6. shaygetz

    shaygetz Active Member

    Just finished reading an old MR that had an article on this very thing using 1/2" foamcore from a sign store. I'll see if I can't dig it out again.
  7. 60103

    60103 Pooh Bah

    I've just been adding foam to the sides of my spline section. I managed to bend the 1/2" stuff to a 36" curve without nticeable cracking.
    So ... you're going to need some bracing on it. maybe cut some 6" wide strips and glue them along and across -- that will give clearance for the Tortoises. (less than 6"?) -- like a big L girder.
    Somewhere there's a table or how much flexing it takes to crack plaster. (Linn Westcott article?) It was based on construction data for walls, but was applied to L girders to see where the legs could go.
  8. ddavidv

    ddavidv Member

    Another point to consider with will warp. I've noticed this just in the pieces I'm using to build scenery. Will vary with material thickness but if you check them at the Home Depot where they are stored vertically you can usually see warp setting in. Reinforcement would definately be needed I think.
    I used the hollow core door as a base with foam board on top. I was amazed just how light those doors really are. The benefit of using the door as a base far outweighs ;) any downsides. And I'd agree, there should be ample room in the door's "hollow" for the switch machines.
  9. Vic

    Vic Active Member

    I just want to point out that a hollow core door isn't really hollow. Inside of it is a cardboard "honeycomb" that gives it its rigidity. If removed the only support left is the sides and ends which is usually held together by some staples and it will flex and skew. The sides and ends are something akin to the thickness of lattice.

    The "honeycomb" is a bear to remove as its glued to the underside of the front and back door skins.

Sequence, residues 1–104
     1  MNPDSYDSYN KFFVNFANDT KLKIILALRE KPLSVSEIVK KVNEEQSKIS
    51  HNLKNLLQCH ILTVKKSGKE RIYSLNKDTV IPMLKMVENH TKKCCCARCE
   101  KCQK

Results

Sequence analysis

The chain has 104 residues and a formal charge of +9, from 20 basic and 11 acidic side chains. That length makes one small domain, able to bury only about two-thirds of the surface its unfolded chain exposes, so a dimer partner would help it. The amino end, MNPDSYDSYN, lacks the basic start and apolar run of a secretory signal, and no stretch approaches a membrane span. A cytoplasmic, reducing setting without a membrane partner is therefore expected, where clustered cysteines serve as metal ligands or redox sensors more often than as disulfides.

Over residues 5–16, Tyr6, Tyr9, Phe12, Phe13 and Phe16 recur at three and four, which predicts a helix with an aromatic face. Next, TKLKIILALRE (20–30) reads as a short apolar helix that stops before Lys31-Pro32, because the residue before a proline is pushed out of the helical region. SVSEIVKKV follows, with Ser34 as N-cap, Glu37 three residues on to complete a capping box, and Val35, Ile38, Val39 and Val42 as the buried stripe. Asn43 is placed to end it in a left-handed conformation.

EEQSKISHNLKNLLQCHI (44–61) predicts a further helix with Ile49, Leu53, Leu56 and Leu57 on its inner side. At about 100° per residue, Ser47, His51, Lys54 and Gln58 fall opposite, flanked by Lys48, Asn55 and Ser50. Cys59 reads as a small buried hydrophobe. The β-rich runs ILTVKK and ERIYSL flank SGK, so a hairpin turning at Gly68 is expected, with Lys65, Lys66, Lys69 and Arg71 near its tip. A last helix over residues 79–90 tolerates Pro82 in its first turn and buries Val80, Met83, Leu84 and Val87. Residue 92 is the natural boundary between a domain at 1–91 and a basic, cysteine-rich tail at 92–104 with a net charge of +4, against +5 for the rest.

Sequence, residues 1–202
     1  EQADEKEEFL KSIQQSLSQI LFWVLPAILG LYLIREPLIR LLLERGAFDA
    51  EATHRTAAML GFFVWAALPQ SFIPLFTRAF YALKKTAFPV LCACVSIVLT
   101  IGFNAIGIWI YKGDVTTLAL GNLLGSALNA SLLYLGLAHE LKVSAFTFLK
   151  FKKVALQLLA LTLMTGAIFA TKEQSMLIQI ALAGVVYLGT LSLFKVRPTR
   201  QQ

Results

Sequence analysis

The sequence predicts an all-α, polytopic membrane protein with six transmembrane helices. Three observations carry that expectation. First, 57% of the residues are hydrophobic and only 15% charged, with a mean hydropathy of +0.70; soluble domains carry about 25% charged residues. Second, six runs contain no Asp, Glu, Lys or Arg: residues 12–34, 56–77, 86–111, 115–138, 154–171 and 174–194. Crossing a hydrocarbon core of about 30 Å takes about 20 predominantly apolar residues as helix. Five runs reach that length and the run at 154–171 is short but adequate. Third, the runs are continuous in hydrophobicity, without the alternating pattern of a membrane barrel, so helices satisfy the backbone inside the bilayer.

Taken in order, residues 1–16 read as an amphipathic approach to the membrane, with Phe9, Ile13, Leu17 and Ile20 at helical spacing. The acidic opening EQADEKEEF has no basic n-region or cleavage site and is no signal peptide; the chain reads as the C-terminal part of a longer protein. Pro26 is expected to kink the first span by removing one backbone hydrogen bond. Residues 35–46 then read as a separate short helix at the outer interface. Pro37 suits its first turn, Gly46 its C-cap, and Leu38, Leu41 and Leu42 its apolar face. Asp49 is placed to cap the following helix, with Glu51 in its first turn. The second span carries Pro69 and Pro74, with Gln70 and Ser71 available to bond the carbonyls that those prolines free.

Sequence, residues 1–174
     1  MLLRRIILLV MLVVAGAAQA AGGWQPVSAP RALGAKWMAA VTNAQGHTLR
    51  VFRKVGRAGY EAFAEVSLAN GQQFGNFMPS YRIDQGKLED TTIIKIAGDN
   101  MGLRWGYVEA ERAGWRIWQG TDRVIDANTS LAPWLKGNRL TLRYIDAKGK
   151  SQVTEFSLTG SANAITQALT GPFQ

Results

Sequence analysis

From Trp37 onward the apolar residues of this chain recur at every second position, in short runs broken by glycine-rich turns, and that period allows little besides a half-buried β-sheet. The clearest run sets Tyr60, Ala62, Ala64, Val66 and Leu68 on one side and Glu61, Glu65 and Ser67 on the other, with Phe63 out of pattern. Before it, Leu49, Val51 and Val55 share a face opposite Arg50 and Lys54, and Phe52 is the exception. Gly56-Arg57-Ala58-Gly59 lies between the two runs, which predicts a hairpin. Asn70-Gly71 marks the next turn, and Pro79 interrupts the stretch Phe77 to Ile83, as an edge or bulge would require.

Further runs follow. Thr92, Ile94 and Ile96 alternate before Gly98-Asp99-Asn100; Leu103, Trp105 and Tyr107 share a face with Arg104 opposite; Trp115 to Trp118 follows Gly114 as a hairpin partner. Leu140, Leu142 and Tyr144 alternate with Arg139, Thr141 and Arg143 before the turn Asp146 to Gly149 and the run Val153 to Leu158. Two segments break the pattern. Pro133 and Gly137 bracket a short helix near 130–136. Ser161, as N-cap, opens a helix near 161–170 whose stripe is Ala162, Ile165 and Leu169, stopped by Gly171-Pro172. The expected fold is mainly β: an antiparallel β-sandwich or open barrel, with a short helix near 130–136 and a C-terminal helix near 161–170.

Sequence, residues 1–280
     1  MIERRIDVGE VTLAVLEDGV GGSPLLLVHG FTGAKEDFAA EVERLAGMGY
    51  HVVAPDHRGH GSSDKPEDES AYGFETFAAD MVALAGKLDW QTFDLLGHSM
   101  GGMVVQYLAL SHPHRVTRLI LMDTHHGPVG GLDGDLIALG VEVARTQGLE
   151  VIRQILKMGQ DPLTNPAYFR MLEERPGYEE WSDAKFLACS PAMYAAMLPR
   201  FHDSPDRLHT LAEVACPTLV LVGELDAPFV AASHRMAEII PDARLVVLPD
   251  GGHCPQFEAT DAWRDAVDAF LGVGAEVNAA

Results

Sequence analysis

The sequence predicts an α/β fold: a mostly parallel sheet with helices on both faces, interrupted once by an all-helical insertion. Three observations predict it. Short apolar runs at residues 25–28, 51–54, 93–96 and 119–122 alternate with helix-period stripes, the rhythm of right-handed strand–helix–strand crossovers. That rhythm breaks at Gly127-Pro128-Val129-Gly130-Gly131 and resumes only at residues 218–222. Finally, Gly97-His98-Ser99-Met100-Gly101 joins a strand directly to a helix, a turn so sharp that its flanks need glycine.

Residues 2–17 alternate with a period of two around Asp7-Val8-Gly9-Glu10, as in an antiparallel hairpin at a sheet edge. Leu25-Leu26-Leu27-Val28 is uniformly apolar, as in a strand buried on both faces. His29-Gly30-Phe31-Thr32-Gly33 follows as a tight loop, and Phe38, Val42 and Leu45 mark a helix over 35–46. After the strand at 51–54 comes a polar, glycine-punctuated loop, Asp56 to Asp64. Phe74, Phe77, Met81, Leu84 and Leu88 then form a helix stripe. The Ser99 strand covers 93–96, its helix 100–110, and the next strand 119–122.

But you can make something just as lightweight. You can buy just the door skins (cheap) and frame them using 1x2 for the sides and ends and a couple of cross braces. That way the underside is open for protection of your wiring and switch machines and attachment of legs if you want.

    If you can't find the door skins just get luan plywood...same thing just in 4x8 sheets.
  10. George D

    George D Member

    I read somewhere that running trains on a hollow door layout is noisy. Does anyone have any experience with this? I have an old closet door begging to be used for a switching layout.

  11. Fred_M

    Fred_M Guest

    If you cut openings in the bottom (for wiring and switch machines) and its mostly hollow it becomes a big sound box just like a guitar. It becomes a mechanical amplifier and the sound is like a room full of mad bumble bees. That was with cork roadbed on a door, with foam covering I don't know. DASH
  12. Lightbender

    Lightbender Member

    Hello DASH,

    The pink or blue extruded foam makes a very good amplifier. If you have a sheet try sticking a piece of coat hang wire in the edge and striking it. Fun eh? If used without cork roadbed you can hear where your trains are in the tunnels.

    Acoustic ceiling tile is useless for amplifying it deadens everything. It gets replaced when it becomes unattractive and can be had for free if you know anyone in the building maintenance business. I have used it extensively glued to pink foam with carpenters yellow.
  13. rsn48

    rsn48 Member

  14. Lightbender

    Lightbender Member

    Hello Rick,
    I have made some very strong load bearing structures (non-MR) out of this stuff and a hot glue gun. It is a godsend to the movie set builders and sign makers which is where you get used pieces free. It's a delight to work with and seem's quieter than plywood but doesn't deaden like ceiling tile. It is also a useful modelling material even down to small pieces. It's biggest drawback is the cost but as I said it can be found for free.
  15. fifer

    fifer Active Member

    My two cents

    I have built 4 modules using foam and have had no warping problems , even in the southwestern sun during transport.
    The lightest you will achive and strongest will be 1/4 luan panel cut into strips 5" wide for the outer box and then cut 1" strips for cross members and place every 10 to 12".
    We used a table saw to pre grove the front and back facias to accept the stringers. We also used 1X4 45% corner braces for strength.
    If you are connecting to other modules you may want make the ends from 1X4 select . Then use 1" extruded foam for the top.
    We also have taken some modules and faced them to the terrain contours with formica bonded to the facia ( very rugged but need a router and expensive). I think your tortoise machines will fit under at 5".
    Another tip I have used to mount tortoise's and turtable drives is double sided foam tape . REALLY!
    What ever you do GLUE EVERYTHING.
  16. Jim Cullen

    Jim Cullen Member

    Some interesting and creative ideas; thanks guys!

    I'm leaning to my first impulse of using a hollow core door with a 1" foam base on top for my next layout, but my mind changes as quick as the weather. Jim